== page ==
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David Braddon-Mitchell & Kristie Miller (2006). Talking About a Universalist World.

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  1.  51
    The Nature of Intuitions and Their Role in Material Object Metaphysics.Andrew Higgins - manuscript
    I argue for three central theses: ‘intuition’ is ambiguous, in material object metaphysics ‘intuition’ refers to pre-theoretical beliefs, and these pre-theoretical beliefs are generated by an innate physical reasoning system. I begin by outlining the relevant background discussions on the nature of intuitions and their role in philosophy to motivate the need for a more careful investigation of the meaning of ‘intuition’ and the role of intuitions in specific sub-disciplines of philosophy. In chapters one and two I argue that ‘intuition’ (...)
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  2.  44
    Composition and Identities.Manuel Lechthaler - 2017 - Dissertation, University of Otago
    Composition as Identity is the view that an object is identical to its parts taken collectively. I elaborate and defend a theory based on this idea: composition is a kind of identity. Since this claim is best presented within a plural logic, I develop a formal system of plural logic. The principles of this system differ from the standard views on plural logic because one of my central claims is that identity is a relation which comes in a variety of (...)
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  3. Composition.Daniel Z. Korman & Chad Carmichael - 2016 - Oxford Handbooks Online.
    When some objects are the parts of another object, they compose that object and that object is composite. This article is intended as an introduction to the central questions about composition and a highly selective overview of various answers to those questions. In §1, we review some formal features of parthood that are important for understanding the nature of composition. In §2, we consider some answers to the question: which pluralities of objects together compose something? As we will see, the (...)
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  4. Toward a Commonsense Answer to the Special Composition Question.Chad Carmichael - 2015 - Australasian Journal of Philosophy 93 (3):475-490.
    The special composition question is the question, ‘When do some things compose something?’ The answers to this question in the literature have largely been at odds with common sense, either by allowing that any two things compose something, or by denying the existence of most ordinary composite objects. I propose a new ‘series-style’ answer to the special composition question that accords much more closely with common sense, and I defend this answer from van Inwagen's objections. Specifically, I will argue that (...)
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  5.  62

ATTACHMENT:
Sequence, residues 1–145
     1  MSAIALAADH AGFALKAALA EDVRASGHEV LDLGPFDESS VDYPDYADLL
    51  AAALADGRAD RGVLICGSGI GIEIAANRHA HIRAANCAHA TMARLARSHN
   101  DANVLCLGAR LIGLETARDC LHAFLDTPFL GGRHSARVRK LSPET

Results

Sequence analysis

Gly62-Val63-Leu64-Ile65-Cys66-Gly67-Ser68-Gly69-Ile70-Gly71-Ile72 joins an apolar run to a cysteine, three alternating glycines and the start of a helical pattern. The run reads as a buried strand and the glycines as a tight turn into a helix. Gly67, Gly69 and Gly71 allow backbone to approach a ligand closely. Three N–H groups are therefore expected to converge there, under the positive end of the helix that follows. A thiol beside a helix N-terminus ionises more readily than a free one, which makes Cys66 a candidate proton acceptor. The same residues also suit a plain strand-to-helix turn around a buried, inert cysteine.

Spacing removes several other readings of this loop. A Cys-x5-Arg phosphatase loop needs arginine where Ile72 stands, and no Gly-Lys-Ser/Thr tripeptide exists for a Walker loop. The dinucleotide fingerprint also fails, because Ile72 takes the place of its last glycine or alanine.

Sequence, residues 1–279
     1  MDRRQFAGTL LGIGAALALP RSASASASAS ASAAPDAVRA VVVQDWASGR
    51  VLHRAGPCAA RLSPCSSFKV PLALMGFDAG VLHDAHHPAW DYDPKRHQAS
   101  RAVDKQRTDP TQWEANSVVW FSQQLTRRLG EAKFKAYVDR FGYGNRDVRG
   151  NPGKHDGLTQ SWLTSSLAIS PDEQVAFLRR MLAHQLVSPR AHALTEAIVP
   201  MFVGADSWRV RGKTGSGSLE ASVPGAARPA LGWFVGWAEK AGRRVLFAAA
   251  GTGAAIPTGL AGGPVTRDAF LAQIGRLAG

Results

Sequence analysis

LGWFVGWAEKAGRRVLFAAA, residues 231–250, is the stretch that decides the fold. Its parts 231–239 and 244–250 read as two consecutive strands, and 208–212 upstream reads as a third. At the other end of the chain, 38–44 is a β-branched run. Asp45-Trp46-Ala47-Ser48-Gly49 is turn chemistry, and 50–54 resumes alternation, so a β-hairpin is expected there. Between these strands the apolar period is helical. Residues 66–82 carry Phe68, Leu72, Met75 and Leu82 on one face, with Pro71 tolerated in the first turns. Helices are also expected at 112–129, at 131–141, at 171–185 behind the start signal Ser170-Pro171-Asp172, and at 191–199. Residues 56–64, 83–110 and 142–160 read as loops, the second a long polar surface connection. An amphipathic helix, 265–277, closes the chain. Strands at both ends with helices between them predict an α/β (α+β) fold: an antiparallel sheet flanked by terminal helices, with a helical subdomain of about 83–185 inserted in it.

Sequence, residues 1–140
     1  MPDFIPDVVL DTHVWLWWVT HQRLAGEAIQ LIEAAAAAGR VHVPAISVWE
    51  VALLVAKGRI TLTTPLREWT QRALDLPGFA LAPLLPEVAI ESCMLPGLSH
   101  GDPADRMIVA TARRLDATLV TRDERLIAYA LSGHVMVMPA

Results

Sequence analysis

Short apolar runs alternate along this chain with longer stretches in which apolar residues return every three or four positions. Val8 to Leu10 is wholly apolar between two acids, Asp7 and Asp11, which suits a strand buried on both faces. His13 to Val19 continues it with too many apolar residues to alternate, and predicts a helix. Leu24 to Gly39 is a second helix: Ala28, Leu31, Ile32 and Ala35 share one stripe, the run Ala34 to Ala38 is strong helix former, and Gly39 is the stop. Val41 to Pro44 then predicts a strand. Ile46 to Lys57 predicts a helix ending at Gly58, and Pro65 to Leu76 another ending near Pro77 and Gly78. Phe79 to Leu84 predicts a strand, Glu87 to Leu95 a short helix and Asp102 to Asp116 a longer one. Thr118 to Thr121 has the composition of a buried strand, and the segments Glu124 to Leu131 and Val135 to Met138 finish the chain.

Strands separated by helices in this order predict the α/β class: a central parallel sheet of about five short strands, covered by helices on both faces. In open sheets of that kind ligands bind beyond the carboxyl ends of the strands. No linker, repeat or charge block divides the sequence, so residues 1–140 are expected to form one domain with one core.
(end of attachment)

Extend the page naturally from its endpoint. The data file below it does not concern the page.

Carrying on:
Undermining Motivations for Universalism.Nikk Effingham - 2011 - Noûs 45 (4):696-713.
    Universalism (the thesis that for any ys, those ys compose a further object) is an answer to the Special Composition Question. In the literature there are three arguments – what I call the arguments from elegance – that universalists often rely upon, but which are rarely examined in-depth. I argue that these motivations cannot be had by the perdurantist, for to avoid a commitment to badly behaved superluminal objects perdurantists must answer the ‘Proper Continuant Question’. Any answer to that question (...)
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  6.  51
    Mereological Explanation and Time Travel.Nikk Effingham - 2010 - Australasian Journal of Philosophy 88 (2):333-345.
    I have previously argued in a paper with Robson that a particular time travel scenario favours perdurantism over endurantism on the grounds that endurantists must give up on the Weak Supplementation Principle. Smith has responded, arguing that the reasons we provided are insufficient to warrant this conclusion. This paper agrees with that conclusion (for slightly different reasons: that even the perdurantist has to give up on the Weak Supplementation Principle) but argues that the old argument can be supplanted with a (...)
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  7. Endurantism, Diachronic Vagueness and the Problem of the Many.By Kristie Miller - 2008 - Pacific Philosophical Quarterly 89 (2):242–253.
    A plausible desideratum for an account of the nature of objects, at, and across time, is that it accommodate the phenomenon of vagueness without locating vagueness in the world. A series of arguments have attempted to show that while universalist perdurantism – which combines a perdurantist account of persistence with an unrestricted mereological account of composition – meets this desideratum, endurantist accounts do not. If endurantists reject unrestricted composition then they must hold that vagueness is ontological. But if they embrace (...)
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  8.  56
    Endurantism, Diachronic Vagueness and the Problem of the Many.Kristie Miller - 2008 - Pacific Philosophical Quarterly 89 (2):242-253.
    A plausible desideratum for an account of the nature of objects, at, and across time, is that it accommodate the phenomenon of vagueness without locating vagueness in the world. A series of arguments have attempted to show that while universalist perdurantism -- which combines a perdurantist account of persistence with an unrestricted mereological account of composition -- meets this desideratum, endurantist accounts do not. If endurantists reject unrestricted composition then they must hold that vagueness is ontological. But if they embrace (...)
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